Rogers Belmont Management Plan


The Mid-Atlantic Karst Conservancy (MAKC) is a non-profit organization incorporated in the state of Pennsylvania in 1997. The MAKC owns or leases various karst preserves in West Virginia and Pennsylvania. The MAKC was established by cavers to preserve and ensure access to caves by acquiring and managing caves and karst areas for conservation, scientific study, and recreational caving.


The first explorers of the cave are unknown. The cave was visited by members of the then newly founded National Speleological Society in 1939, and a report was published in their annual Bulletin. In the mid-1950s through the 1960s the caves were a popular destination for cavers from the Washington DC area, and undoubtedly others also. Because of the expanding residential area of the Belmont subdivision, the entrance of the main cave was closed by blasting in the late 1960s. The known extent of Rogers Belmont cave is approximately 3,200 feet. The cave was mapped by the Potomac Speleological Society Club in 1960, using mapping techniques at that time. By modern standards, the map is in need of updating and likely will end up having more passage than indicated. The Rogers Belmont Swallet cave map was updated in 2013 by the Page County Cave Surveyors and ended up with 380 feet of passage.


The rare Madison cave isopod is known to reside in other caves local to Front Royal, VA. One of the objectives going forward will be to inventory and observe the variety of cave life that exists in the cave system today.


In 2007, a disease nicknamed white-nose syndrome, caused by a fungus, Pseudogymnoascus destructans, or Pd occurred in Albany, New York, and quickly spread through the northeastern United States. “Pd grows in cold, dark and damp places. It attacks the bare skin of bats while they’re hibernating in a relatively inactive state. As it grows, Pd causes changes in bats that make them become active more than usual and burn up fat they need to survive the winter. Bats with white-nose syndrome may do strange things like fly outside in the daytime in the winter,” according to the website

The MAKC will continue to study the cave in order to document the return of any bats in the cave. But due to our mission of the study, exploration and conservation of caves and karst resources, the MAKC also has a responsibility to our membership. On November 16, 2019, the MAKC Board of Directors also adopted the National Speleological Society White Nose Syndrome Policy for all of its managed, leased and owned preserves. The Policy was approved by the NSS Board of Governors on April 17, 2010. In part the policy reads:

“The NSS recognizes the serious nature of white-nose syndrome (WNS) and its devastating effect on bat populations in the eastern United States. The Society is committed to advancing scientific knowledge of WNS, helping to determine its cause, and limiting its impact on cave organisms. At the same time, the NSS will promote responsible study, management, and access to cave resources based on demonstrated risks and the latest available data. The NSS has a responsibility to its current members and cavers of tomorrow to do what it can to ensure that any restrictions on cave access are based on demonstrated threats, sound evidence, and recognition that risks are site- and strategy-specific.”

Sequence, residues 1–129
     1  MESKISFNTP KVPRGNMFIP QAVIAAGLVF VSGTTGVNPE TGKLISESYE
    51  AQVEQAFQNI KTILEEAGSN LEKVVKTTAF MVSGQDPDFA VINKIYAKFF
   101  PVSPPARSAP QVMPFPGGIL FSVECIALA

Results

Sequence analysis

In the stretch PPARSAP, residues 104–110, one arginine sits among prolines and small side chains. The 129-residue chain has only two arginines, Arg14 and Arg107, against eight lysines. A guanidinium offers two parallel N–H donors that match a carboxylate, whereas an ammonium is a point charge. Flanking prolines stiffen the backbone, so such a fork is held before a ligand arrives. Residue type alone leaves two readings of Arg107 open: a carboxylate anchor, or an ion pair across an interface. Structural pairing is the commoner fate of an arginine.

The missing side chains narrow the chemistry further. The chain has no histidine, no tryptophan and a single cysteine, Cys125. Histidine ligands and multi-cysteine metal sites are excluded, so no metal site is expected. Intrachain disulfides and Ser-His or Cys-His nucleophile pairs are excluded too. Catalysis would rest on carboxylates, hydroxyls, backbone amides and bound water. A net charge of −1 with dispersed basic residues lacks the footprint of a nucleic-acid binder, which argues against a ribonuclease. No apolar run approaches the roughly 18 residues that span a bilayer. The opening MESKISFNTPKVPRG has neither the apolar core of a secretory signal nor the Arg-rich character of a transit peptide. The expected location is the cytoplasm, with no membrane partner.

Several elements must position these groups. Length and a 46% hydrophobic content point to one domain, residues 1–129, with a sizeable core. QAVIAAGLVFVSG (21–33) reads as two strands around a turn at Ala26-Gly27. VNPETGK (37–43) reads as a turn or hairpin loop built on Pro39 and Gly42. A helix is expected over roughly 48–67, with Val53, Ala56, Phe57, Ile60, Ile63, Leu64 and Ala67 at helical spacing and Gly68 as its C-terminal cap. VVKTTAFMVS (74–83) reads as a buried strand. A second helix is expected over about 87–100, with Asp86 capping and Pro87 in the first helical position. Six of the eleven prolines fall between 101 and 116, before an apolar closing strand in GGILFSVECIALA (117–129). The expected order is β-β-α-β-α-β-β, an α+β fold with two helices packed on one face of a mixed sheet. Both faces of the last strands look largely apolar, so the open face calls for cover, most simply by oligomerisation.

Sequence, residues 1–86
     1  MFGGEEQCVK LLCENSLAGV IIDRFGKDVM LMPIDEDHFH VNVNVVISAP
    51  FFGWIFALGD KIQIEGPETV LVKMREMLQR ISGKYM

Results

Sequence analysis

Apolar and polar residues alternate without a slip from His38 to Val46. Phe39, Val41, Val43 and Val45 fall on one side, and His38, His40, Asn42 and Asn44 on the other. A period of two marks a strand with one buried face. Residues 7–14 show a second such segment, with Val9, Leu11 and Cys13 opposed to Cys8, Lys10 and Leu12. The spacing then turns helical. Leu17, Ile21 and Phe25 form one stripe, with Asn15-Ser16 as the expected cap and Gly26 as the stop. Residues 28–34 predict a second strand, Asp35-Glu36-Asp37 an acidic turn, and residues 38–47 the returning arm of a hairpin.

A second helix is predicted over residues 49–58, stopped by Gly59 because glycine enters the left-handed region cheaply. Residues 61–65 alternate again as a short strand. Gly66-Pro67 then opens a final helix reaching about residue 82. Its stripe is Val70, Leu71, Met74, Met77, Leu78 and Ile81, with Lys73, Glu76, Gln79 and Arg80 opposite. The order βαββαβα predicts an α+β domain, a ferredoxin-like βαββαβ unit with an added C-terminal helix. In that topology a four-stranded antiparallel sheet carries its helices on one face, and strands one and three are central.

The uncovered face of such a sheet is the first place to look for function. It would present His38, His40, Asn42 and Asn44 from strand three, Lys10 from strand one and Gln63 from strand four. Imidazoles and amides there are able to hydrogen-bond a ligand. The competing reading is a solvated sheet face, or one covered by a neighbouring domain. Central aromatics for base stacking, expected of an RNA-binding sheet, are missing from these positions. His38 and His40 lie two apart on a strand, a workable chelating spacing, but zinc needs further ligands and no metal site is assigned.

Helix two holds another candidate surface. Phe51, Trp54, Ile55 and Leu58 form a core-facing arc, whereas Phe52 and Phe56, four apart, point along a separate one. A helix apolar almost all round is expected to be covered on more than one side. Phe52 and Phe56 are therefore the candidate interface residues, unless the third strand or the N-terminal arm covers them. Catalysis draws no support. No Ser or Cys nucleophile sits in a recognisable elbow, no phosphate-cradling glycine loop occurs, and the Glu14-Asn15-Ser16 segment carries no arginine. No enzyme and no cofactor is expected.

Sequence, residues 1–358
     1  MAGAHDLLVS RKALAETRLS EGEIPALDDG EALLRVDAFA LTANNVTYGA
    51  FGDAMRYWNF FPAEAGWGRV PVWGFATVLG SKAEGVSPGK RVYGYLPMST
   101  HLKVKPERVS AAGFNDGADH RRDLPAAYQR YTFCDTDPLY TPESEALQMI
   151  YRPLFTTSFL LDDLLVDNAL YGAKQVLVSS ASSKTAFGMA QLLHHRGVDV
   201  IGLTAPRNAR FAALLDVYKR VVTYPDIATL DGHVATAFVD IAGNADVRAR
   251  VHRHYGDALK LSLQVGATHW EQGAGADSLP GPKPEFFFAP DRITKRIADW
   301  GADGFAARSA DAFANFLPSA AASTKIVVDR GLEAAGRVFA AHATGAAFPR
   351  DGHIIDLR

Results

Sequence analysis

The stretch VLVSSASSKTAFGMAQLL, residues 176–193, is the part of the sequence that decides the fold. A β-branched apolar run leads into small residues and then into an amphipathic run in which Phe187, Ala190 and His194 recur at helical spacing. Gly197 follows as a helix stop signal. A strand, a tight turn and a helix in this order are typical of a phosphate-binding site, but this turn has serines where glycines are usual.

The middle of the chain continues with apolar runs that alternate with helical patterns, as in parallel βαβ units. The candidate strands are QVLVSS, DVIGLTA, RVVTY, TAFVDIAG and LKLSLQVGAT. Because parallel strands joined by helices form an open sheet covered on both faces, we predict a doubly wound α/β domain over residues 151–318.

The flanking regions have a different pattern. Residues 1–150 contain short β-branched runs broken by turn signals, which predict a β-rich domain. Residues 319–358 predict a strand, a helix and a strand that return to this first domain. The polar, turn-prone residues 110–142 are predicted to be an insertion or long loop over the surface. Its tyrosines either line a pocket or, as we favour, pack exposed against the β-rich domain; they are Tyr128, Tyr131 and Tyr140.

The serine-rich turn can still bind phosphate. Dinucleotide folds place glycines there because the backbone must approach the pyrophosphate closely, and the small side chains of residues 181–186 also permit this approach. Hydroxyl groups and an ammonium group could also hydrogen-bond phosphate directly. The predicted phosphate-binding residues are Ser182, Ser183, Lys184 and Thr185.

The entire policy is at this weblink:


The MAKC encourages research to explore the preserve’s historical, biological, geological, mineralogical, hydrological, paleontological and archaeological potential. Researchers who desire access to the preserve should submit a brief, written synopsis of their project to the MAKC board of directors for consideration. Researchers are also required to submit a written report to the MAKC within 90 days after the completion of their project. Any research project that involves removal of cave soils, digging, mineralogical or biological sampling must first receive the approval of the DeJak family, and the lessee (MAKC).


The MAKC board of directors will designate the FRG (Front Royal Grotto) as the preserve management team to oversee the property. The FRG shall report directly to the MAKC board of directors on any issues concerning Rogers Belmont cave property.


The MAKC seeks to publicize caves only as befits our mission as stated in our bylaws and constitution: for education of the public about caves and karst resources; for published scientific studies in cave-related publications, and depending on the sensitivity of the material, on the MAKC website (  Specific cave location information, such as directions to the cave, WILL NOT be released to the general public. The MAKC will seek to minimize publicity of cave locations.

The MAKC can use the cave names in publicizing acquisitions and in its newsletter, Karst Chronicle, and other caving publications, such as the NSS News, grotto newsletters, and the MAKC website. The management plan will be available for publication in these mediums mentioned above.  Any individual caver or other organization which publishes cave location information on MAKC preserves WILL LOSE ACCESS to the preserve and face prosecution for trespass upon return trips to MAKC properties. Caving organizations publishing electronic forms of their newsletters should remove reference to the cave location in the electronic format/archive and may publish trip reports to the cave, where they are not widely available to members of the general public. Specific requests for publicity concerning the cave that are not covered under this policy should be approved by the MAKC board of directors and the DeJak family.


The MAKC has a lease agreement for Rogers Belmont Cave, Rogers Belmont Swallet Cave, and karst features only and has no responsibility for maintaining any other surface portions of the property.

The DeJak family retains all surface rights and management, and may enter into agreements with other agencies, individuals and organizations, as pertains to other aspects of the surface portion of the preserve and its management.

While on the property the following rules and regulations must be followed when visiting Rogers Belmont property.

  • Access to occur only from Shenandoah National Park side of property unless prior permission on an exception basis is obtained from DeJak family.
  • Be discreet when changing in and out of cave clothes.
  • All trash must be removed from the property. Littering is prohibited.
  • Cavers associated with Rogers Belmont Cave property are expected to adhere to state and federal laws.